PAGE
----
This article was originally featured at Travelog.me
It’s often difficult to describe a city using only words. Your travels will often include moments where all your senses are engaged in a way where you can’t help but recognise the uniqueness of your surroundings. Hong Kong’s street markets offer a perfect way to taste, see, touch, smell, and hear what Hong Kong is all about. Here are some of the markets in Hong Kong that you should check out to make your Hong Kong experience extra special.
Ladies Market in Mong Kok is a one-stop shopping bonanza. Here, you’ll find over 100 stalls that sell everything, including clothing, shoes, bags, jewellery, phone accessories… it’s almost easier to try to name items that wouldn’t be available here! The market is incredibly popular with tourists and locals alike so be prepared to be among the crowds, alongside an overwhelming amount of merchandise.
Pro Tip: Many stalls do not list their prices because this is a place where you can use your bargaining skills to go toe-to-toe with the shopkeepers on price. Normally, the rule is you don’t reach for your wallet on the first price quoted – don’t be afraid to use your gift of the gab to bring those prices down.
Right outside the Sham Shui Po MTR line is Apliu Street, where you’ll find anything and everything related to computer, gaming, audio and electronics. You’re sure to find every computer and smartphone accessory at a bargain, guaranteed! Geek out and spend time checking out the numerous shops and stores here that sell everything from USB cables and TV remotes to state-of-the-art audio-visual home entertainment systems.
Pro Tip: Do you have a broken or old phone (or even laptop!) that you love but thought could never be fixed again? Apliu’s street features countless repair shops renowned for their speed, expertise, and service. Bring your busted equipment here and, in many cases, they can bring your electronic equipment back to life in just an hour for a great bargain.
Down on your luck? Then head to the Jade Market in Yau Ma Tei, where you’ll find hundreds of vendors selling jade in various forms. In Chinese culture, Jade is associated with a long and prosperous life; many Chinese traditionally wear or are gifted Jade as a standard good luck charm. Jade trinkets, ornaments and sculptures make for fantastic home decorations or heartfelt souvenirs for any of your close friends or relatives!
Pro Tip: Jade comes in a variety of colours, but the greener its shade, the luckier and more expensive they generally are. The most valuable type of Jade is called Imperial and is durable, dense, and displays an incredibly intense, deep green. Be wary of fake Jade – a real piece of Jade always has some weight to it and is priced according to its depth and purity of colour.
Temple Street Night Market
Temple Street is an authentic, up-close and personal Hong Kong experience. Check out the various vendors that dot the streets selling various knick knacks and produce, visit Chinese fortune tellers and palm readers who sit in tents ready to give you the good – or bad – news, and eat with hungry diners outside packed restaurants on stools. Order local gastronomic favourites like claypot rice, seafood noodles, and typhoon shelter crab while the traditional smells of black bean sauce, fresh ginger, and various spices waft through air.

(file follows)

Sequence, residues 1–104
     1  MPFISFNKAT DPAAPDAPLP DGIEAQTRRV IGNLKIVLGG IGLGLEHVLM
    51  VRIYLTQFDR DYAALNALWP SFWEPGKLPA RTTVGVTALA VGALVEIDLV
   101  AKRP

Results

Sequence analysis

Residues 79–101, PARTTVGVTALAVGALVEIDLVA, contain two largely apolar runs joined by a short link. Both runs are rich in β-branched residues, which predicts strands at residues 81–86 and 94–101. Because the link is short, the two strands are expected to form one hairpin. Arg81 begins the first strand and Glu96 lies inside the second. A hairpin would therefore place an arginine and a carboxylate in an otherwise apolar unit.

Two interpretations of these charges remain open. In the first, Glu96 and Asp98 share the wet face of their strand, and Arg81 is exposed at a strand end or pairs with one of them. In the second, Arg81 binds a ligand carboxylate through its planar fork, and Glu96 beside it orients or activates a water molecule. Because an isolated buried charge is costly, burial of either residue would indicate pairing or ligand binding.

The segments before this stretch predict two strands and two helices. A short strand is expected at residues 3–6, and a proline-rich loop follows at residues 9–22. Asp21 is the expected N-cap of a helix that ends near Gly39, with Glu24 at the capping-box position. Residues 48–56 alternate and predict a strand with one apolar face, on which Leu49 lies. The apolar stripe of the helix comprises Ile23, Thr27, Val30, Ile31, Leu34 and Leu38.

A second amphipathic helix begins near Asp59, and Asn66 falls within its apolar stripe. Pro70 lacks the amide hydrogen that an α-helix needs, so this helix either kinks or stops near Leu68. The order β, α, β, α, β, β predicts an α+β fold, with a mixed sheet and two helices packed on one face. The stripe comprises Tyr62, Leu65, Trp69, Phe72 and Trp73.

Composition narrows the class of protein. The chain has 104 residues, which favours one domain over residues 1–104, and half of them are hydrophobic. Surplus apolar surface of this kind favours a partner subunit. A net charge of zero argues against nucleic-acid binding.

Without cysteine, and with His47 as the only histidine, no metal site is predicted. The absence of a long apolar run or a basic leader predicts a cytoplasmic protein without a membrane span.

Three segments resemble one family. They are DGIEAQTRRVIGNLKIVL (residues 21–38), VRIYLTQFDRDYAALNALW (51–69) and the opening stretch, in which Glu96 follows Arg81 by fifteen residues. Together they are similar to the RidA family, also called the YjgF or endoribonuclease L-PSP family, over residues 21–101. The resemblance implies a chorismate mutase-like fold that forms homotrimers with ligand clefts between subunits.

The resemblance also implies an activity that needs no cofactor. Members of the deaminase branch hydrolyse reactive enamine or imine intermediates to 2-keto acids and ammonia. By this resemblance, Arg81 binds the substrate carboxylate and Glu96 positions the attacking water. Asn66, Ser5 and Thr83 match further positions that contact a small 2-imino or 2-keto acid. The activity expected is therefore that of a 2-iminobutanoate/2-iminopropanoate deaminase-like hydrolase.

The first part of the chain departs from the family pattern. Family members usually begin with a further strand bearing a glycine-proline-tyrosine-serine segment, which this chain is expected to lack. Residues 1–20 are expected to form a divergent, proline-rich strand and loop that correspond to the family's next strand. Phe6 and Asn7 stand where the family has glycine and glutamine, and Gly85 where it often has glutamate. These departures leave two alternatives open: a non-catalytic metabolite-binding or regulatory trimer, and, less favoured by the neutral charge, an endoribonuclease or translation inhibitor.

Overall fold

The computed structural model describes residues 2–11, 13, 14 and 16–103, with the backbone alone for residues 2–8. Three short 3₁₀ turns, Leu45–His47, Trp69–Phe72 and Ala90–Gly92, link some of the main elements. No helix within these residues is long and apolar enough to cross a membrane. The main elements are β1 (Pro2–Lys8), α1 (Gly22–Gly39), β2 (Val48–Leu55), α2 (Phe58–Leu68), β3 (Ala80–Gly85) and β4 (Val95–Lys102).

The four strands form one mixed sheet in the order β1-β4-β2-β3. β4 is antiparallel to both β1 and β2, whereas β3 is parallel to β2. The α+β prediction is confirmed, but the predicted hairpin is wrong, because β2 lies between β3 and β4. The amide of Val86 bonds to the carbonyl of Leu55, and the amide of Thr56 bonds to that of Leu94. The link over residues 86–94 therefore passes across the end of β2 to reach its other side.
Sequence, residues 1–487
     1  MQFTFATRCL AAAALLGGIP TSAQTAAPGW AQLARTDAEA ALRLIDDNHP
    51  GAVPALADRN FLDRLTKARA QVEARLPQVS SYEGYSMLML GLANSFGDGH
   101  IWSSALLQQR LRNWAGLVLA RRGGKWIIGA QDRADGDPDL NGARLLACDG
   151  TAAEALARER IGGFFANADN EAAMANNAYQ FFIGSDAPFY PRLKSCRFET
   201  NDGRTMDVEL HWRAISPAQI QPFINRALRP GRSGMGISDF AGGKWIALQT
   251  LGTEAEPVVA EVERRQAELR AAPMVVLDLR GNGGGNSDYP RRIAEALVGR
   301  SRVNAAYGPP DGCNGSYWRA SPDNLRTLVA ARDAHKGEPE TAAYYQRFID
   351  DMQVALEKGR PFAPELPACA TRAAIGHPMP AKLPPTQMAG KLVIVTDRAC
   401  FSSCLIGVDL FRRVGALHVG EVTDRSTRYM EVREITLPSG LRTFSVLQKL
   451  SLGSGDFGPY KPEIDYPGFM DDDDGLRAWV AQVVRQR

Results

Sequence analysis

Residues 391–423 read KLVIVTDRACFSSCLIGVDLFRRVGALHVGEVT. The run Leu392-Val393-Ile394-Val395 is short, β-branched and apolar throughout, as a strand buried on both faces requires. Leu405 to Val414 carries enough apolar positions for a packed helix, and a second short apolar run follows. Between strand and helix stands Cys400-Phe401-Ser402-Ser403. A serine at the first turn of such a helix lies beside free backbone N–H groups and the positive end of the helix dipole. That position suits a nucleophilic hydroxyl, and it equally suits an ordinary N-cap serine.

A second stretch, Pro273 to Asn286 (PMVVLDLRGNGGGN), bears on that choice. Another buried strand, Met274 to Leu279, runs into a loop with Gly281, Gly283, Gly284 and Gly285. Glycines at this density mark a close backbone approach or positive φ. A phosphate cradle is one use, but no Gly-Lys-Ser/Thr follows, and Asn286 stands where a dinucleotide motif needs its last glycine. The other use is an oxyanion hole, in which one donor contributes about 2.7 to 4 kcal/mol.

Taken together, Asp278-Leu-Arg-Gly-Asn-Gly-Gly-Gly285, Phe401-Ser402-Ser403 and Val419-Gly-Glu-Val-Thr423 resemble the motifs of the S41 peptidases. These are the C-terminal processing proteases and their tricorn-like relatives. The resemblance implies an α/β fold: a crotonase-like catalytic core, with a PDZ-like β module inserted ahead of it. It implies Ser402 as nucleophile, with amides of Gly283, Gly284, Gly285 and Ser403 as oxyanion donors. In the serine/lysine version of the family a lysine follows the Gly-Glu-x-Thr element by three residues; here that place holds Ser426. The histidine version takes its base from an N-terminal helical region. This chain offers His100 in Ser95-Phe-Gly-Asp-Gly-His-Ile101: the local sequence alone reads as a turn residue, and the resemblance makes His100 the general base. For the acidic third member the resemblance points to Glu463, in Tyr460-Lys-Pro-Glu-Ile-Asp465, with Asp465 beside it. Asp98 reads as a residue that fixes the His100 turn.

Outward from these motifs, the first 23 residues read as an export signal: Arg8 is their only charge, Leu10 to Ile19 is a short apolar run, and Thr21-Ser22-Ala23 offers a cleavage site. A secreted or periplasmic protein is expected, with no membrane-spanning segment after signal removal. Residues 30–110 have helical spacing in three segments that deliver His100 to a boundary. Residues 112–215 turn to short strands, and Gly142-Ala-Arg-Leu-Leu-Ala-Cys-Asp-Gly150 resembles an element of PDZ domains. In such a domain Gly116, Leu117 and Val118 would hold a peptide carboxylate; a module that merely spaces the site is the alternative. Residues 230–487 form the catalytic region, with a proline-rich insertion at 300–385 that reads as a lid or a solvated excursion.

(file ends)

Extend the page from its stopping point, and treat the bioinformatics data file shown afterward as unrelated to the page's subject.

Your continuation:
Pro Tip: Be sure to make time for one of the incredibly famous Claypot Rice restaurants here. Claypot rice is rice cooked over a hot charcoal fire with soya sauce, vegetables, meat and sausage added on top. The intense heat from the charcoal and claypot give the rice its distinctive taste and slightly charred texture. We recommend either Hing Kee Claypot Rice or the nearby Four Seasons Claypot Rice.
Sneaker Street is Mong Kok is inundated with locals and travellers alike searching for the latest sneakers and sports equipment. If you’re a sneakerhead or collector, this is a great place to find some awesome limited edition kicks from the world’s biggest sport, street, and lifestyle brands. Even if you’re just looking for a casual pair of runners, you’ll find some great deals as there’s always a sale happening! While you’re there, check out the Mong Kok neighbourhood where you can shop until you drop or eat your weight in street food.
Pro Tip: Kill two birds with one stone and get your snack on during your shopping spree breaks! Sneaker Street and Argyle Street offer some of the best Hong Kong snack stands in Kowloon. Try some curry fish balls, eggettes, cheung fun, and other delicious Hong Kong delights. For the adventurous and daring, simply follow your nose and, if you happen to smell something incredibly offensive and pungent… your nose will have likely led you to a good stinky tofu vendor.
Sheung Wan Dried Seafood Market
If you’re looking for a truly Hong Kong experience, check out the Sheung Wan Dried Seafood Market. These markets have been operating the same way for several generations, selling dried fish skin, dried mushrooms, chinese sausage, dried oysters, fish, clams, abalone, sea cucumbers, and much more. A walk through the street will be a seafood assault on your senses, especially your sense of smell!
Pro Tip: To be honest, you probably won’t be buying much dried seafood here if you’re a traveller, but it’s definitely worth checking out to absorb some of Hong Kong’s traditional culture and to capture some fantastic photos. For the best use of time, the Dried Seafood Market is a good stop as a part of a neighbourhood walking tour which can also include nearby attractions like the Mid levels, Man Mo Temple, Hollywood Road, PMQ and Sai Ying Pun.